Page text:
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Digital strengthening of Europe and uniform application of the GDPR

July 2020 by Association éco

The internet sector is becoming increasingly important for the economy as a whole and also promotes value creation in other sectors, thus ensuring Europe’s innovative capacity as a business location. As such, the Internet industry is an important driver of Europe’s overall economy and the European economy as a whole will benefit in the long term from a strong Internet sector.

In order to enable Europe to recover in the long term from the consequences of the coronavirus crisis, eco also calls on policy makers to undertake fundamental reforms in the areas of digital literacy, digital infrastructure, IT security and data protection. In addition, the current virtual internal borders within the EU must be abolished, EU programmes for digital support must be extended and a level playing field must be created for start-ups and SMEs.

Mr. Süme, Chairman of the Board of eco, expressed his expectation that Germany will make a strong commitment during its EU Council Presidency to close the policy gaps in these areas and to strengthen digitisation throughout the EU in the long term.

A uniform European legal framework created by the GDPR was the first step towards a responsible European data policy. However, its implementation still raises many practical issues and problems, in particular for small and medium-sized enterprises. Businesses need clear rules and pragmatic assistance to implement them.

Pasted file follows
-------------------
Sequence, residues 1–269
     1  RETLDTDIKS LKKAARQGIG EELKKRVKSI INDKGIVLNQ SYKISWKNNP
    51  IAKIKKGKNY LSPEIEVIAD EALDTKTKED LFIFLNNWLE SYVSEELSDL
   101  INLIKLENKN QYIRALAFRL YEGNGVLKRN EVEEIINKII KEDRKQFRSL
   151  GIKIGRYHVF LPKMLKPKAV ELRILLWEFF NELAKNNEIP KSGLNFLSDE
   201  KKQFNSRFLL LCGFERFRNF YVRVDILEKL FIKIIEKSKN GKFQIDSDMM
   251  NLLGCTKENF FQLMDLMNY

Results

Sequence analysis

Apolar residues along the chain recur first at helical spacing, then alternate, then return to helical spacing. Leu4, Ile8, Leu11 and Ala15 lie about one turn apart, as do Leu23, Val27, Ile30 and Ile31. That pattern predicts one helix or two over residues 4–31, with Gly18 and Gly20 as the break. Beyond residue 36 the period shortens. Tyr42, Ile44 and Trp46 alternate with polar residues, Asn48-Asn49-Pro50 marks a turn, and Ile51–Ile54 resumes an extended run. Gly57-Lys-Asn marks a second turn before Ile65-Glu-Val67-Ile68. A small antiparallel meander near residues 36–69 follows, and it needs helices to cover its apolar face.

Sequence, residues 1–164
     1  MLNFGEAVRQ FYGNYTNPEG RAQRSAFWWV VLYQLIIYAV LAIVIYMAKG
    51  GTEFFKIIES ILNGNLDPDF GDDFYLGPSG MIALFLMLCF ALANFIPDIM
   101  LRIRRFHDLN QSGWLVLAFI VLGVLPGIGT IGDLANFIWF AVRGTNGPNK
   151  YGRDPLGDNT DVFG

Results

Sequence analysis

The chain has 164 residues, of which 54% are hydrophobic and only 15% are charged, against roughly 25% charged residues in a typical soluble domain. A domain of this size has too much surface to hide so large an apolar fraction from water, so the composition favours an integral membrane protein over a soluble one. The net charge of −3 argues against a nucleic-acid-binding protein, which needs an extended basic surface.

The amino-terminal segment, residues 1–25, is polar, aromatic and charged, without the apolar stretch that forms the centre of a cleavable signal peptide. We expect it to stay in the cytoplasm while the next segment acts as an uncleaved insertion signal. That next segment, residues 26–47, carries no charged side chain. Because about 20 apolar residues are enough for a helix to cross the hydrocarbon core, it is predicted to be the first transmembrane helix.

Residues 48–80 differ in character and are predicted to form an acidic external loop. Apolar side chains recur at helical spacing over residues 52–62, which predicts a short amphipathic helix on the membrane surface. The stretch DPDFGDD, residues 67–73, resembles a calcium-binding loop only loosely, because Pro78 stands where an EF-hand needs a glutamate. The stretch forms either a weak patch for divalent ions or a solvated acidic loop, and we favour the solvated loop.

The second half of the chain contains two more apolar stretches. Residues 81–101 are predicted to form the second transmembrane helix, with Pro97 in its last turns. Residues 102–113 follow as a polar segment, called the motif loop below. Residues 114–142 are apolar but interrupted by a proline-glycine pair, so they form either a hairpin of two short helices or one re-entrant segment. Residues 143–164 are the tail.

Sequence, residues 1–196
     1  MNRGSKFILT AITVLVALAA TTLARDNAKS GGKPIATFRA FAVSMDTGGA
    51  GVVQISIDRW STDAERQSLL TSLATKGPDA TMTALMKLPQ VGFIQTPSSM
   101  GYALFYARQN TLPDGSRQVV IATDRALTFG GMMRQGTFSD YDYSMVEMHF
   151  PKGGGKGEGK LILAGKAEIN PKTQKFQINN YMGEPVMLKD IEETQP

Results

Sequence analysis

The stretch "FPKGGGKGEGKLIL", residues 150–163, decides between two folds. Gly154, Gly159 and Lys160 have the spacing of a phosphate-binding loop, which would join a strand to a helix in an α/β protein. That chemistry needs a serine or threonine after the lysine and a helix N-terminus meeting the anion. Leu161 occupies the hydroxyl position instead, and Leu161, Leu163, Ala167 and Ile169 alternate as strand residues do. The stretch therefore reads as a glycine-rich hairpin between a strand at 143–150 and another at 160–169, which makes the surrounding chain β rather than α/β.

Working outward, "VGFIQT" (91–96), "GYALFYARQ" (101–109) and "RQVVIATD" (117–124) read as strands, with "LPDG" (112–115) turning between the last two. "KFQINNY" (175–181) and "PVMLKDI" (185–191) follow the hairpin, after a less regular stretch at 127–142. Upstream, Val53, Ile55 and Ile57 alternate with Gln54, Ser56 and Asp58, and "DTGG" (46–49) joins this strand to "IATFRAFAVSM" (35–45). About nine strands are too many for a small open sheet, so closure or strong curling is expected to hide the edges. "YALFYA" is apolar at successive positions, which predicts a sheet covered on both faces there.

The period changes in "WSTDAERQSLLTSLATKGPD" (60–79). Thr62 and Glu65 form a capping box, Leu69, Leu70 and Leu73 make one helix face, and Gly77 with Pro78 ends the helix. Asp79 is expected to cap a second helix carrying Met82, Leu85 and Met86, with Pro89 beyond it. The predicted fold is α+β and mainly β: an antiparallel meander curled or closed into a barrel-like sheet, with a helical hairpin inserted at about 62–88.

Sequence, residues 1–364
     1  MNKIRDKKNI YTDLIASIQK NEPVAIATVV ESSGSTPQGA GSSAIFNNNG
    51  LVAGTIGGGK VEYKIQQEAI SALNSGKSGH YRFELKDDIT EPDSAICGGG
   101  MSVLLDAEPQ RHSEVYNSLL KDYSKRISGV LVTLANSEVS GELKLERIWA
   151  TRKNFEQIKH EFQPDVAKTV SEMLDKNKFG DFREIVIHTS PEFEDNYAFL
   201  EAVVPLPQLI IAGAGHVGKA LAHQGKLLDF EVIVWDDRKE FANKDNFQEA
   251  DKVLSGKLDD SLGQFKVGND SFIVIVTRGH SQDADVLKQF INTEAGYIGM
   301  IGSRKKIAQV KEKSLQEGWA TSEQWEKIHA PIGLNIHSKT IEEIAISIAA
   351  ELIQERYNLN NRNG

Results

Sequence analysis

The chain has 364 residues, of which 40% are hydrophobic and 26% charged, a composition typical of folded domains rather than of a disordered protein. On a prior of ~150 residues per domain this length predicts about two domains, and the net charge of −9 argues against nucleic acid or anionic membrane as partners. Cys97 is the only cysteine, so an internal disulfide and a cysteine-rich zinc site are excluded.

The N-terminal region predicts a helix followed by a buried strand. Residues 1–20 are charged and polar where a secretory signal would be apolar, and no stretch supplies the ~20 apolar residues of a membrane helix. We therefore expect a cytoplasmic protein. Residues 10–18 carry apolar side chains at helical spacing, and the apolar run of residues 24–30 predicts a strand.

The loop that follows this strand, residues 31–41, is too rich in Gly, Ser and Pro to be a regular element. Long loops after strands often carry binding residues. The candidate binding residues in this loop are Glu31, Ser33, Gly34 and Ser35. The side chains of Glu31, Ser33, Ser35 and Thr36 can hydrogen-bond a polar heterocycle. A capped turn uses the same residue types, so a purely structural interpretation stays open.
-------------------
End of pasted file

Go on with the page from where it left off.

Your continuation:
For the Internet Industry Association, Europe has set the framework for the future of personal data protection with the GDPR. Fragmented regulation, which was previously treated according to different national data protection laws, has been brought together and implemented according to the same principles in a central European regulation.

In order to follow up on the main digital projects and targets, eco calls for the creation of a permanent pan-european round table on "Digitisation", composed of national industry representatives through delegates of the associations.
To mark the start of the German EU Council Presidency, the Internet Industry Association has also drawn up a six-point catalogue of requirements, containing the most important objectives and conditions for a strong single European digital market :